About A Boy

by Shae on January 23, 2013

I pointed out yesterday that I don’t know what it’s like to have a son &  feel the limitation of  “The Blue Corner”. My friend Natalie (maker of the most delightful clothes at Moeder Kip ), who has a son,  wrote me a post.





When you’re in your own little community, it’s easy to think that the rest of the world is like-minded.


My son often wore pink as a baby, and none of our close friends would raise an eyebrow.

As a toddler, he discovered the joy of wearing skirts (and how much easier it was when toilet training!).


More recently, he’s realised that Tinkerbell isn’t out of place on the battlefield between Star Wars and Ninjago.




Now that he’s at school, he’s exposed to a lot more viewpoints. Not all of which we agree with.

And that’s ok.


For one, we don’t have all the answers. Raising a child is not simply about creating a mini-me.


And when it comes to the really important things, we have enough confidence in our parenting not to be disturbed or threatened by other perspectives.


In fact, we see it as a wonderful opportunity to discuss the big issues.


“Daddy, why can’t two men marry? Even if they really love each other?”

“Well, it doesn’t make much sense does it? We don’t really know why, but we’re working to change that”


“Mummy, is it true that fairies aren’t real?”

“Well, I know that some people don’t think so. But I believe. What do you think?”


However some questions are harder.


“Mummy, is it true that pink lego is only for girls?”

“Mummy, is it true that boys can’t wear skirts?”


I tell him no. It’s not true.


“But Mummy, what if the other kids tease me?”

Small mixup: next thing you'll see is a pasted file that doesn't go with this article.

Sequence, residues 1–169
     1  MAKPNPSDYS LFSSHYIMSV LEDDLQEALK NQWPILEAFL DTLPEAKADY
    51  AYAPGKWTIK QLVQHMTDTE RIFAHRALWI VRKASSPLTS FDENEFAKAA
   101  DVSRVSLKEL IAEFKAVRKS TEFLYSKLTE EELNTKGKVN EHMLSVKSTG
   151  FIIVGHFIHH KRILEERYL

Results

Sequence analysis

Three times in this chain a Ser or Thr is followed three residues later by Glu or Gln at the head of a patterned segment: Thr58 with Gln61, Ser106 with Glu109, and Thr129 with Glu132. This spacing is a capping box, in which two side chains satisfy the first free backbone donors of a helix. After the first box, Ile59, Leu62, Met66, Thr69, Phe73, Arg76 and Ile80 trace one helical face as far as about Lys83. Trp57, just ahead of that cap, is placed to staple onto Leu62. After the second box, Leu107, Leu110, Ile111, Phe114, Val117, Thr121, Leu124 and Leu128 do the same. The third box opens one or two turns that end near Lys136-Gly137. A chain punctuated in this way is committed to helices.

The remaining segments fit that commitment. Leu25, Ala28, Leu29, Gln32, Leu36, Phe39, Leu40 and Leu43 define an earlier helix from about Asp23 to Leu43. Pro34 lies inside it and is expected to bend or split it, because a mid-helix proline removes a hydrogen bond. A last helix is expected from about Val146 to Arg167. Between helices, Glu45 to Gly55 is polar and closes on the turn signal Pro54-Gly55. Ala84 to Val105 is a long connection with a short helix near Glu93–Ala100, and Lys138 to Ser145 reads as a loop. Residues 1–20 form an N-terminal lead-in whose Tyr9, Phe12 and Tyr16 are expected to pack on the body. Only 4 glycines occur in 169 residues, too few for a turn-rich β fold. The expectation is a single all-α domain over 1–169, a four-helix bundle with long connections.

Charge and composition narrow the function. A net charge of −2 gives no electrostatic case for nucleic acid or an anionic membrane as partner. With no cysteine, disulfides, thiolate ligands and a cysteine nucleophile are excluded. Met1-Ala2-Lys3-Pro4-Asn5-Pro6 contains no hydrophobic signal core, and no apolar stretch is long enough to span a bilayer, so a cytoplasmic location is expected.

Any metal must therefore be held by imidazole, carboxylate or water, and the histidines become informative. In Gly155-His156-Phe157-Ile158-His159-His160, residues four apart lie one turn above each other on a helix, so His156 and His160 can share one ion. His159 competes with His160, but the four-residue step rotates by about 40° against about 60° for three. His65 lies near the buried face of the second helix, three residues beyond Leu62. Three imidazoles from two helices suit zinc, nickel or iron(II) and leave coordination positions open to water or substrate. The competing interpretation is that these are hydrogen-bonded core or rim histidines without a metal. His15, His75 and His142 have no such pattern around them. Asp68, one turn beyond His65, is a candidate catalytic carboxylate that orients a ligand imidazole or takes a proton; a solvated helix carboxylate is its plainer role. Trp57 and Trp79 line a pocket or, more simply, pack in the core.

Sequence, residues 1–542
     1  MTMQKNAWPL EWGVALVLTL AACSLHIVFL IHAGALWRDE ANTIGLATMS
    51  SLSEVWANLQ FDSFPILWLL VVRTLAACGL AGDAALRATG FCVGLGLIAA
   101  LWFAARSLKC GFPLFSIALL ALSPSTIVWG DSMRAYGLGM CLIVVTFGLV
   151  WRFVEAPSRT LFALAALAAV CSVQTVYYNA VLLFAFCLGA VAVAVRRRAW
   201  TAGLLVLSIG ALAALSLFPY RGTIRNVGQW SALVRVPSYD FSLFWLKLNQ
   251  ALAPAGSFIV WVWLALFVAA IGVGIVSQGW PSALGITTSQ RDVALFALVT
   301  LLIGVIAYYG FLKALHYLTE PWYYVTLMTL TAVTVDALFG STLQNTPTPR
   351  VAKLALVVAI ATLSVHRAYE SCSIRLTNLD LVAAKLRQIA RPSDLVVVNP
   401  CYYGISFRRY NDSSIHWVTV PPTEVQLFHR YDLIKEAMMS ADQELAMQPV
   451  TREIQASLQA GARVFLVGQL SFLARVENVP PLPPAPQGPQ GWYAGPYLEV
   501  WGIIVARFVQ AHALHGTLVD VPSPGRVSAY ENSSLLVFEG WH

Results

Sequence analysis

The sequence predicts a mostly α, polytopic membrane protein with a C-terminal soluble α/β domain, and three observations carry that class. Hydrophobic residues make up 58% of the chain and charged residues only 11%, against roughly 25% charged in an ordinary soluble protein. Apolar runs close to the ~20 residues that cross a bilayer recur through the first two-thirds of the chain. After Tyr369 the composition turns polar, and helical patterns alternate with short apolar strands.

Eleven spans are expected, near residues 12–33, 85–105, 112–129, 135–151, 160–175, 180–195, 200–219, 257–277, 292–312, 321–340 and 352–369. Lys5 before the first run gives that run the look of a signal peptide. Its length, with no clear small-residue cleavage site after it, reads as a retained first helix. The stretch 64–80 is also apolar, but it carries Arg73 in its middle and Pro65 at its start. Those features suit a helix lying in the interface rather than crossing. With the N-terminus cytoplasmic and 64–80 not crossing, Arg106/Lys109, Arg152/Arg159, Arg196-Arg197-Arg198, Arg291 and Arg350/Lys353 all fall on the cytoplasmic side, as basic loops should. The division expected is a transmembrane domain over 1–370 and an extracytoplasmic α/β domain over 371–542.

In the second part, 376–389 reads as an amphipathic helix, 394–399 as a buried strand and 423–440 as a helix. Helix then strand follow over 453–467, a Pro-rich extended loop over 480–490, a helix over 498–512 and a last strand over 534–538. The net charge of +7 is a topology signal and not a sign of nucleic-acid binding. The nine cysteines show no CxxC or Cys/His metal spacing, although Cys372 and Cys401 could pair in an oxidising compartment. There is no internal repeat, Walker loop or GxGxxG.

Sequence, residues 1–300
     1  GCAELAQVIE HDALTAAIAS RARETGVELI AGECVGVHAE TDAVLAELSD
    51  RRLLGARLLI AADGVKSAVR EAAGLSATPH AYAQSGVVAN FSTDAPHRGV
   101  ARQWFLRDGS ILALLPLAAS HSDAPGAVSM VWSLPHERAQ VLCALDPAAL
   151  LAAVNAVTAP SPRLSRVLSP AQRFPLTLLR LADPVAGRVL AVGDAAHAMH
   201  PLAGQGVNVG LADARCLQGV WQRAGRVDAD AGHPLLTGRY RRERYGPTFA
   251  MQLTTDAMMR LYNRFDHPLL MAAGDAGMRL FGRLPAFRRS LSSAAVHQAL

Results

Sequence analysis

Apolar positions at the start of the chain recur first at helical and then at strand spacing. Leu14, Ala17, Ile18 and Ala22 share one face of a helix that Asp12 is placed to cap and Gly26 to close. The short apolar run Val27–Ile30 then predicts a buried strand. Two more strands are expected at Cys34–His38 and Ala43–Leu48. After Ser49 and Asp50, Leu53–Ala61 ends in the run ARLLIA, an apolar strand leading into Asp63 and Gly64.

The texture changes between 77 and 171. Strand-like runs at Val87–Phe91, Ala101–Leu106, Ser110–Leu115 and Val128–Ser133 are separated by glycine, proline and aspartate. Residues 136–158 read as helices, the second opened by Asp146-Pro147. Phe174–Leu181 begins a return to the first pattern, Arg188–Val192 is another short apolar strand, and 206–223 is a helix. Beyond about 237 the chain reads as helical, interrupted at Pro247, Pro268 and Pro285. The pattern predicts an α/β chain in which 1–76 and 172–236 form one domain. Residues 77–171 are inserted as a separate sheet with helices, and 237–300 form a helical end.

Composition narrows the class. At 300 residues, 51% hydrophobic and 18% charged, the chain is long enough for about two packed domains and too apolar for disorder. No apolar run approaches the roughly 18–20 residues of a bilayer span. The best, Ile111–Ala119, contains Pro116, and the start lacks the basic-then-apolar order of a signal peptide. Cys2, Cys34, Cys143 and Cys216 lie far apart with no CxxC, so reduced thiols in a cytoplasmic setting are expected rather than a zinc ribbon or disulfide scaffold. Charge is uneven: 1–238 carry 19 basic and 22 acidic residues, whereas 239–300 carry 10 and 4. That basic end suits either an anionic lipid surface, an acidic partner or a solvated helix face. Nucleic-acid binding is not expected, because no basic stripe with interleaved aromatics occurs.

What do I say?


Do I tell him that it doesn’t matter?  That self-preservation is not as important as making a stand?

That’s a pretty big responsibility to lay on a 5 year old.


Do I suggest he just wear pink when he’s at home, where the other kids can’t see him?

And in doing so teach him that it’s something to be hidden away?


That’s not how I want my son to view the world.


Because it not only restricts his possibilities, but it alsoteaches him that it’s shameful to be like a girl.


And I believe that when our sons can wear skirts without shame, our daughters will be a step closer to freedom.






So when the question comes up, I guess I’ll let him know that there’s nothing wrong with it.


But I won’t shy away from the fact that not everyone agrees.


Then if he decides it’s not a battle worth fighting, I’ll respect that.


And if he still wants to wear a skirt, and they tease him?


I’ll hold him.

I’ll wipe away his tears.

I’ll tell him that I love him.


And though my own heart will break a little, I’ll know that we’re doing our best.



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